Whole Earth Catalog

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The Whole Earth Catalog was a countercultural publication by writer Stewart Brand that was popular in the late 60s and early 70s. Brand started the catalog after going around the country in his van selling useful items to budding communes. The introduction of the first 1969 article explains the purpose of the catalog in all of its grandiose glory:

We are as gods and might as well get good at it. So far, remotely done power and glory—as via government, big business, formal education, church—has succeeded to the point where gross defects obscure actual gains. In response to this dilemma and to these gains a realm of intimate, personal power is developing—power of the individual to conduct his own education, find his own inspiration, shape his own environment, and share his adventure with whoever is interested. Tools that aid this process are sought and promoted by the WHOLE EARTH CATALOG.[1]

At the core of the catalog was the idea that technology could connect us in new ways and help us be better people. The catalog has an eclectic mix of technologies, books, guides, and poems to help accomplish this task. Steve Jobs called the Whole Earth Catalog "Google in paperback form, 35 years before Google came along"[2], while Kevin Kelly notes that "Brand invented the blogosphere long before there was any such thing as a blog".[3]. The Whole Earth Catalog proved to be a model and inspiration for many thinkers who later laid the foundations of the internet. The poem "All watched over by machines of loving grace", printed in the first Whole Earth Catalog, captures the ideals of the publication quite well:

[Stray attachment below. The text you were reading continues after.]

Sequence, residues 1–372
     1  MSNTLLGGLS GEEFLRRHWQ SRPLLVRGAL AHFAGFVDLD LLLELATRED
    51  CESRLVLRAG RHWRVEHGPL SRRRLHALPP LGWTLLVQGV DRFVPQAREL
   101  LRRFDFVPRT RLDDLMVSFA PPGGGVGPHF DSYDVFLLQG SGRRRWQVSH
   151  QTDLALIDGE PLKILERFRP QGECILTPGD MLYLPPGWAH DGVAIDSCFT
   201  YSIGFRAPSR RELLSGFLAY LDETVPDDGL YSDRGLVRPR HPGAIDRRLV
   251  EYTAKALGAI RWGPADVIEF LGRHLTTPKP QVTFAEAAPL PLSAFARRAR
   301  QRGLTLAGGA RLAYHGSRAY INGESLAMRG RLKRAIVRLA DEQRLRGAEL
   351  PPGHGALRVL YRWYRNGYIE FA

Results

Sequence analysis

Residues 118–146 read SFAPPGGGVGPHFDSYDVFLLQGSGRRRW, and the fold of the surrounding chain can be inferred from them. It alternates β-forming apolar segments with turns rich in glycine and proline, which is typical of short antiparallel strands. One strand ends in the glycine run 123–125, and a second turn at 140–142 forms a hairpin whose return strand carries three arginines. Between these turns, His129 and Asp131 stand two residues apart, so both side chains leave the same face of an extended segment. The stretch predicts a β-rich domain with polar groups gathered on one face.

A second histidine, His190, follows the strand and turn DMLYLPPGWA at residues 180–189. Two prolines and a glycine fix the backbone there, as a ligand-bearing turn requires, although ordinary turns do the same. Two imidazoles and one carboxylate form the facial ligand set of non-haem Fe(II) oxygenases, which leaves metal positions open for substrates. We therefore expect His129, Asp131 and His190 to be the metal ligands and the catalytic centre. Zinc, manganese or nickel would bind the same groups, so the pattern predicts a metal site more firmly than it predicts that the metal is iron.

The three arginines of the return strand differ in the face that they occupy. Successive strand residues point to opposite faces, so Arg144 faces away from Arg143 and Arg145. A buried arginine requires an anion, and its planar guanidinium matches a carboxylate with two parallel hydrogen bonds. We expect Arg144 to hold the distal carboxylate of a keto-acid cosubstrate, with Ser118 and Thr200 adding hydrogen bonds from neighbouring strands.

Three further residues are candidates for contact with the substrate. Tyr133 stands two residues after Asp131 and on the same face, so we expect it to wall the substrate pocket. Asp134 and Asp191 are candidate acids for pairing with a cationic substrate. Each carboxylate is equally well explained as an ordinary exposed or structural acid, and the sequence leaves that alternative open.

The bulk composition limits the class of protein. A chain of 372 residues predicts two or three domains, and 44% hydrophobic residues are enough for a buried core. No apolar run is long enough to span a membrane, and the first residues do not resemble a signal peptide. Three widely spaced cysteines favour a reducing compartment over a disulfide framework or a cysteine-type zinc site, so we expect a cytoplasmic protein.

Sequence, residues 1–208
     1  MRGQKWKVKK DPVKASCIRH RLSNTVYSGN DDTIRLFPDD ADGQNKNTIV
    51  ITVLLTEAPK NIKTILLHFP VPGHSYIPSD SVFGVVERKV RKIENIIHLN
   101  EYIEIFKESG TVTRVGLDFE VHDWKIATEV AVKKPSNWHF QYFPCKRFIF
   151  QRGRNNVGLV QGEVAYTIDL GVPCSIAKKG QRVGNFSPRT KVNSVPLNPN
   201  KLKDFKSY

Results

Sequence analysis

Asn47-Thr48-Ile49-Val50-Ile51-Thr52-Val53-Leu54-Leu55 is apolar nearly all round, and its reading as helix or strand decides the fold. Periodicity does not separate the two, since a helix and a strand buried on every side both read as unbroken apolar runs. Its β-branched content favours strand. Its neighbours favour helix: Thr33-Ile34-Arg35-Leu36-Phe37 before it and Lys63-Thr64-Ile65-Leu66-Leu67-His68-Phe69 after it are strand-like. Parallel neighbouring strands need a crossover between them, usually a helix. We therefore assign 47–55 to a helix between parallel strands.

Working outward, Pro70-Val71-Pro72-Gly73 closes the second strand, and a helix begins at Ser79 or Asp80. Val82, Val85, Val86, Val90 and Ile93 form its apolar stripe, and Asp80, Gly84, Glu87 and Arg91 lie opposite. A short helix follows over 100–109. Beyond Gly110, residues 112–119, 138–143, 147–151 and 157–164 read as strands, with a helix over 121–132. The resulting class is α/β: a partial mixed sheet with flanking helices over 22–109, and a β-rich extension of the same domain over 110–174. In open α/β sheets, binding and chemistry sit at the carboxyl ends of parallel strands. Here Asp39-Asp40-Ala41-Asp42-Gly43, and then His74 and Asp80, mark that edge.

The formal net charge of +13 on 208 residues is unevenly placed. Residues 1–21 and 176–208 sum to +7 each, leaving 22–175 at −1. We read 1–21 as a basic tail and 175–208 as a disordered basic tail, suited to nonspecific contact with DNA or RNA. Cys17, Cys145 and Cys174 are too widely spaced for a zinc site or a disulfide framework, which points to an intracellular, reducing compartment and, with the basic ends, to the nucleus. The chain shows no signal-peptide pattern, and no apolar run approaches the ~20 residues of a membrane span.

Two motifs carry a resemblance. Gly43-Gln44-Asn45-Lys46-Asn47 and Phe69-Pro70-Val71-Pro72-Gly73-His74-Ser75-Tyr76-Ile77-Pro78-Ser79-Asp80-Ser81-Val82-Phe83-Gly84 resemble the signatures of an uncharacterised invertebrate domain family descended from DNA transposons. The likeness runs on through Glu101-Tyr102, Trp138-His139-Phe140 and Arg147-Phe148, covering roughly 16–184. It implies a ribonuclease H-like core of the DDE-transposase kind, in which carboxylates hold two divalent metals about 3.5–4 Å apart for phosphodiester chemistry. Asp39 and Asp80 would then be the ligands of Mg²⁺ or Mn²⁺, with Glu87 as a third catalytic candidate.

All watched over by machines of loving grace

I like to think (and
the sooner the better!)
of a cybernetic meadow
where mammals and computers
live together in mutually
programming harmony
like pure water
touching clear sky.

I like to think (right now, pleasel)
of a cybernetic forest
filled with pines and electronics
where deer stroll peacefully
past computers
as if they were flowers
with spinning blossoms

I like to think (it has to be!)
of a cybernetic ecology
where we are free of our labors
and joined back to nature,
returned to our mammal
brothers and sisters,
and all watched
over by machines of loving grace.[4]


  1. Brand, Stewart. Whole Earth Catalog. Portola Institute. 1968.
  2. Commencement address by Steve Jobs, delivered on June 12, 2005. http://news-service.stanford.edu/news/2005/june15/jobs-061505.html
  3. Kevin Kelly: The Whole Earth Blogalog September 17, 2008
  4. Brand, Stewart. Whole Earth Catalog. Portola Institute. 1968.